Kellogg | Mr. Startup Supply Chain Manager
GMAT 690, GPA 3.64
Stanford GSB | Ms. Engineering To Finance
GRE 333, GPA 3.76
Stanford GSB | Ms. Indian Non-Engineer
GMAT 760, GPA 9.05/10
Wharton | Mr. Indian Engineer + MBA Now In Consulting
GMAT 760, GPA 8.7 / 10
Tepper | Mr. Climb The Ladder
GRE 321, GPA 3.1
Darden | Mr. MBB Aspirant/Tech
GMAT 700, GPA 3.16
MIT Sloan | Mr. Marine Combat Arms Officer
GMAT 710, GPA 3.3
Stanford GSB | Ms. Anthropologist
GMAT 740, GPA 3.3
Wharton | Ms. Product Manager
GMAT 730, GPA 3.4
Kellogg | Mr. PM To Tech Co.
GMAT 720, GPA 3.2
UCLA Anderson | Ms. Tech In HR
GMAT 640, GPA 3.23
MIT Sloan | Mr. Electrical Agri-tech
GRE 324, GPA 4.0
MIT Sloan | Mr. Aker 22
GRE 332, GPA 3.4
Duke Fuqua | Ms. Consulting Research To Consultant
GMAT 710, GPA 4.0 (no GPA system, got first (highest) division )
Stanford GSB | Mr. Future Tech In Healthcare
GRE 313, GPA 2.0
Cornell Johnson | Ms. Environmental Sustainability
GMAT N/A, GPA 7.08
Harvard | Mr. Gay Singaporean Strategy Consultant
GMAT 730, GPA 3.3
Stanford GSB | Ms. Creative Data Scientist
GMAT 710, GPA 3.0
UCLA Anderson | Mr. Military To MGMNT Consulting
GMAT 740, GPA 3.7
MIT Sloan | Mr. Agri-Tech MBA
GRE 324, GPA 4.0
Wharton | Mr. Data Scientist
GMAT 740, GPA 7.76/10
Harvard | Ms. Nurturing Sustainable Growth
GRE 300, GPA 3.4
MIT Sloan | Ms. Senior PM Unicorn
GMAT 700, GPA 3.18
Harvard | Mr. Lieutenant To Consultant
GMAT 760, GPA 3.7
Stanford GSB | Mr. “GMAT” Grimly Miserable At Tests
GMAT TBD - Aug. 31, GPA 3.9
Yale | Mr. IB To Strategy
GRE 321, GPA 3.6
Harvard | Mr. Overrepresented MBB Consultant (2+2)
GMAT 760, GPA 3.95

A Day In The Life Of An Oxford Saïd MBA Student

Oxford Saïd MBA student Aditya Chopra holds an airplane turbine blade during a recent Operations class. Courtesy photo

It’s 7:30 a.m. on a Wednesday, and I am a little hungover.

The rainy weather isn’t helping much. Getting ready, breakfast, calendar schedule check, email check, charging my phone, some Twitter, some Instagram, and a bike ride to Saïd Business School consume the next 1 1/2 hours.

I am going to spend the next 3 hours studying Accounting with around 80 brilliant classmates from across the globe. I sit with my name card in front of my desk in a modern plush lecture theater with wooden walls, warm carpeting, and a little too much technology. We are discussing whether a large staircase manufacturer should fire its supplier of 63 years.

The sales manager values the client’s loyalty, the client values the firm’s consistent performance, but the senior management is concerned about margins on some of their products’ offerings to the client. It’s a lively discussion of diverse opinions, and the professor, Dr. Anette Mikes, squeezes in pictures of beautiful bespoke staircases and calculations of product contribution margin with equal élan.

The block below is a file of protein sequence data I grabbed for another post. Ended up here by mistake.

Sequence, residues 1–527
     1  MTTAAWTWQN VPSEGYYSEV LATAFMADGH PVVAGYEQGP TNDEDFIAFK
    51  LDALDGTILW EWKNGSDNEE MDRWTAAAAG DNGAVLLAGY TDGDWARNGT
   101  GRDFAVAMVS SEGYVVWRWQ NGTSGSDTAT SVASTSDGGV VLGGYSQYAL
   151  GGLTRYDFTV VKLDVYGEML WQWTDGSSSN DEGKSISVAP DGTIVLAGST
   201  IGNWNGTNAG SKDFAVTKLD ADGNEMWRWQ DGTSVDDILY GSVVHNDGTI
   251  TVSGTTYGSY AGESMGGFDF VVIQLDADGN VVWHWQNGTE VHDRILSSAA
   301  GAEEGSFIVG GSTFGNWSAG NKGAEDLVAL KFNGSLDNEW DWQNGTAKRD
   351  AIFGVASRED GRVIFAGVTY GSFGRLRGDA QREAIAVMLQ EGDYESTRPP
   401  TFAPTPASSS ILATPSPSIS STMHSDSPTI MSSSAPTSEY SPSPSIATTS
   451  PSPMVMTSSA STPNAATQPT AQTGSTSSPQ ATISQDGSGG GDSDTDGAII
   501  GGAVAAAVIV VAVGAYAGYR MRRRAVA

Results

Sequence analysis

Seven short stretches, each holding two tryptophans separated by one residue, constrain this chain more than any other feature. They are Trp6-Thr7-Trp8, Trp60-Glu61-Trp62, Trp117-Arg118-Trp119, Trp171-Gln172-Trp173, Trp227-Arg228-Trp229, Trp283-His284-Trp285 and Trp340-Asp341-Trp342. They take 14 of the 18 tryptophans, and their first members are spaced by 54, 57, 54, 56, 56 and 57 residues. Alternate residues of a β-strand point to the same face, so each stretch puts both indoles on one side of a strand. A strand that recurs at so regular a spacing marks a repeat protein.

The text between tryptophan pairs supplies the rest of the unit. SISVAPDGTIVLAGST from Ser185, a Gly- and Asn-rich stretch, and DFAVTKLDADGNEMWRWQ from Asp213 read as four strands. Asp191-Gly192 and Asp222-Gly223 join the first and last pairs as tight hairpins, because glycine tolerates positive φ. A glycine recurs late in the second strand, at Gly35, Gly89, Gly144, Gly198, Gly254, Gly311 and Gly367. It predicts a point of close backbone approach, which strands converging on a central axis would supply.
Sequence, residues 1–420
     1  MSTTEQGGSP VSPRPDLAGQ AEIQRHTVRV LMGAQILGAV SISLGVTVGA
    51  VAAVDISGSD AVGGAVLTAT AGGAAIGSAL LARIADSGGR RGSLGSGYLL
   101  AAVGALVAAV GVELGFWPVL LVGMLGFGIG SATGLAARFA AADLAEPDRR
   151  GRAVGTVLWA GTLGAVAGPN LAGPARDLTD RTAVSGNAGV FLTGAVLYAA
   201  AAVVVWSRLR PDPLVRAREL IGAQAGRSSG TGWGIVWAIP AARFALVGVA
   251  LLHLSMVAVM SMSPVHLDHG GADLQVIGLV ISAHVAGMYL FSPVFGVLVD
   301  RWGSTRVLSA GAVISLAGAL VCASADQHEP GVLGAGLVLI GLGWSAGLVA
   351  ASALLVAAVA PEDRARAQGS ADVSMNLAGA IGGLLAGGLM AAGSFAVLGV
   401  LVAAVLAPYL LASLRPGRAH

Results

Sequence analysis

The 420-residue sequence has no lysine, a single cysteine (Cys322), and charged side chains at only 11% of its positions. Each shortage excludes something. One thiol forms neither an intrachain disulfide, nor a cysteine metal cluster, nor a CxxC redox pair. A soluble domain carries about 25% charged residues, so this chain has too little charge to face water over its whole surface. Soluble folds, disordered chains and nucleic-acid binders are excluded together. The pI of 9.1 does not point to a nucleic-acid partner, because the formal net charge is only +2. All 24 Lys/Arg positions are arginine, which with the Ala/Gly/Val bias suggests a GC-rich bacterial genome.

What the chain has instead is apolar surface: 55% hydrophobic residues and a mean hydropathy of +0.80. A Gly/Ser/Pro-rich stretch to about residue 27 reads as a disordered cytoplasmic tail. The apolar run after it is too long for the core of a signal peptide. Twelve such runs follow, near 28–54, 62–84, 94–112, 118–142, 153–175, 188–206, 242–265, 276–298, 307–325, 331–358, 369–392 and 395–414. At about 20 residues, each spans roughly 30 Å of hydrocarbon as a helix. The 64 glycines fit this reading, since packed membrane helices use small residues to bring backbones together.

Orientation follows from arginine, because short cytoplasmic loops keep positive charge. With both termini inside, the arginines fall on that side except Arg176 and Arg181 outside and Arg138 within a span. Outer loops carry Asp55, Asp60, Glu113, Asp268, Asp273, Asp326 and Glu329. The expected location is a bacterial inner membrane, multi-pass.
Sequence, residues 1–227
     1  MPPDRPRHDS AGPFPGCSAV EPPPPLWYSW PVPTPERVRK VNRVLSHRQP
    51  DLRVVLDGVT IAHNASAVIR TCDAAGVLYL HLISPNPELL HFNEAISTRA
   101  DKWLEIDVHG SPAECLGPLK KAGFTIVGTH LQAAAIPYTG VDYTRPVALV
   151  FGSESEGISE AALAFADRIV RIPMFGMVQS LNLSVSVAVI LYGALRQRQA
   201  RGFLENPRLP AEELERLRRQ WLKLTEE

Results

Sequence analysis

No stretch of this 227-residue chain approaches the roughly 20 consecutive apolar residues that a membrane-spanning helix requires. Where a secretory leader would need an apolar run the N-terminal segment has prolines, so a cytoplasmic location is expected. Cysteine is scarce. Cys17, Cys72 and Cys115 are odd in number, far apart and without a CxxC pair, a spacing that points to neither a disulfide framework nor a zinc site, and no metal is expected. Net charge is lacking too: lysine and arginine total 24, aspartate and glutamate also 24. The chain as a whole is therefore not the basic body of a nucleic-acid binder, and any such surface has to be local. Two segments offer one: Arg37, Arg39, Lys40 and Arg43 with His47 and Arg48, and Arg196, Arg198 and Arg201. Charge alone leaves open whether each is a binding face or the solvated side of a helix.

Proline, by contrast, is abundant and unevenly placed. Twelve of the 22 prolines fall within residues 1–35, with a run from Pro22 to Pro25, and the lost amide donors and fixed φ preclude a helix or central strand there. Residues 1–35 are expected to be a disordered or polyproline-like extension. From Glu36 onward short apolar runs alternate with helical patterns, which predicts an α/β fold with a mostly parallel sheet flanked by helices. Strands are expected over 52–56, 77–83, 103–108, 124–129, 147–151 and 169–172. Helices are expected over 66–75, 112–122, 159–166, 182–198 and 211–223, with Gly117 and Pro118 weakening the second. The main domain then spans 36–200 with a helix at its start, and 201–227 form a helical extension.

The view in Accounting. Aditya Chopra photo

Case studies are a brilliant way of learning, because they let you experience the concepts in action. Problems in management (and life) are unlikely to occur categorized as “strategy” or “operations,” and the case method enables learning of the principles behind such problems in all their complex glory.

The afternoon is consumed by an interesting Operations case with a professor who is as brilliant and engaging as they come (check out Dr. Daniel Snow), from discussing the nuances of restaurant and car manufacturing operations to his love for Porsches to the meaning of life. It’s a joy to be in class.

From Operations, we move to Organizational Behavior (not before a quick coffee break!) and ex-consultant-now-professor Dr. Mike Gill engages everyone in a thought-provoking lecture on mental health. I come out of that class with new perspective, a little unease, and also a some pride that Oxford Saïd is the only global business school to introduce mental health in graded coursework.

I spend about an hour in the evening in the library, power reading for lectures the next day. Little had I thought during my teens and early 20s that reading The Hindu newspaper would help me cruise through GMAT (scored 770) and also power through long readings at Oxford. A quick catchup with friends and I head to my locker next to the lecture theater to put on a blazer. Google is presenting internship and full-time opportunities for my cohort for their London and Dublin offices in a few minutes, and I am not sure whether to suit up or go casual, so I have decided to stay in the semi-formal safe zone.

A two-hour seminar and some freebies later, we head to the lobby where a networking event with Googlers and wine has been organized. It’s a packed room, and I see some of my classmates in formal suits, but most others have embraced Google’s comfy vibe with hoodies and bomber jackets. The wine glass is common. I recall my wine- and cheese-tasting session two weeks prior and recognize that the one being served isn’t too fancy. But I still indulge with all the pretentious tricks I remember.

We discuss everything from product management career paths to social impact through business; from failings of multilateral institutions to the art exhibition by Nicola Green; from the upcoming international conference at Oxford’s Blavatnik School of Government to the next debate at the Union and the diminishing sunny days at Oxford. After hours of animated conversations and lots of wine and chips, it’s finally time to call it a day.

It’s 7:30 a.m. on a Thursday, and I am a little hungover.

Aditya Chopra worked for a consulting firm in New Delhi, India before joining Oxford University’s Saïd Business School. He will receive his MBA in 2020. This article was originally published as a blog here.

DON’T MISS UK REINSTATES TWO-YEAR WORK VISAS FOR INTERNATIONAL STUDENTS and EVEN AS APPS SLUMP, WOMEN’S MBA ENROLLMENT STEADILY GROWS